The new cars were merely badged as ‘Mini’ with their respective engine capacity – Mini 850, Mini 1000, Mini Clubman, Mini Clubman Estate and Mini 1275GT. The bonnet badge simply proclaimed ‘MINI’ in a new shield-shaped icon vaguely reminiscent of a significantly simplified version of the 1960s Austin logo featuring Herbert Austin’s coat of arms. As well as simply catching up to where the public had been for almost a decade, it was a move with canny marketing and financial aims. The British motor industry was entering its darkest time in 1969 and public opinion of many of its models, old and new, was slipping. The established names like Austin and Morris were no longer the source of such pride or loyalty as they had been. While in 1959 it had been seen as crucial to offer both Austin and Morris versions of the car, now it was entirely unnecessary and, it was figured, the Mini would if anything suffer by association. And since most people didn’t refer to their ‘Austin Mini’ or ‘Morris Mini’ anyway, why keep up the pretence?  Of course, not having to produce subtly different versions of the same car led to big cost savings in production, marketing and distribution. There was also BL’s grander product plan, which saw using Morris as the marque for conventional, rear-wheel drive cars such as the upcoming Marina, while Austin would be used for the firm’s more advanced front-wheel drive products. But with Mini demand still showing no signs of slacking it made no sense to withdraw the model from Morris forecourts simply because it was front-wheel drive – yet there was nothing to stop both Austin and Morris dealers selling the Mini under its own unique name.

This was certainly one of BL’s better marketing moves. Although Mini production would peak in 1971 (at just over 300,000 cars) it still stood at 212,000 in 1977. Market share declined more significantly in that period as the Mini faced increasing modern competition and Mini build quality seemed to plumb ever-lower depths. But while the names Austin and Morris became a national laughing stock the Mini never lost its goodwill. The lustre may have dulled but it was always regarded with affection and bestowed with a unique character which none of the objectively far-superior ‘superminis’ (itself a class named in reference to the Mini!) could deliver.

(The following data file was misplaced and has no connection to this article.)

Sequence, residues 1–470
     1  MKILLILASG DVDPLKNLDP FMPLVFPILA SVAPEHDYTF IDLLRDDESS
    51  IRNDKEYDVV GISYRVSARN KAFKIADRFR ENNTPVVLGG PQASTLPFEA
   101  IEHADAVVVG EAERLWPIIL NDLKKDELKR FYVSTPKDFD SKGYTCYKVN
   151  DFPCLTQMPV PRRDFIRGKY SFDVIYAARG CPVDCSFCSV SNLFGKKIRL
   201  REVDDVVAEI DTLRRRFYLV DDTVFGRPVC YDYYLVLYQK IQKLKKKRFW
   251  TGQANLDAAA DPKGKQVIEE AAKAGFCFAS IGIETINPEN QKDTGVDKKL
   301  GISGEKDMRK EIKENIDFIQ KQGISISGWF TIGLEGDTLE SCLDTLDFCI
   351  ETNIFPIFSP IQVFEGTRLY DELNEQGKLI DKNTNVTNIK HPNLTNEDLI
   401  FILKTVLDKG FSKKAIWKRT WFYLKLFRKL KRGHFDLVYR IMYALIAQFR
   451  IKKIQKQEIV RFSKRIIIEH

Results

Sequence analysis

That goodwill actually saw the Mini’s independence briefly reversed. In 1981 the Mini was returned to the Austin fold and the Austin badge reappeared on the grille in an attempt to make full use of the Mini’s new-found fashionable status and seemingly undying esteem. Yet this period also saw the explosion in Mini special editions to cater to those who saw it not as a low-cost economical small car but as ‘a Mini’ – not merely a name in its own right but an entire car. Despite the official Austin identity no-one really cared. As it had been since 1959 it was still just ‘the Mini’ and even BL’s own advertising kept the Austin name subtle, if it was even there at all. The value of the Mini as a brand only ever increased, as indeed did sales, from an all-time low in 1985 of just 35,000 to over 40,000 by 1990.

By this time the Austin name had been canned entirely, seeing the Mini return to a marque in its own right and the all-important Cooper models had been reintroduced. That year also saw the launch of the Mini Mk6, bringing with it a new and bespoke Mini logo – a roundel between a pair of wings combining the two elements of the old Morris (the roundel) and Austin (the wings) logos. Although now technically a Rover product the Mini retained its nominal independence  and the profile of the car itself was registered as a trademark. It was these three key properties – the name, the badge and the shape – that BMW so keenly retained when it sold the rest of the Rover Group and so founded the new MINI for the 21st century which is now a multi-model manufacturer itself.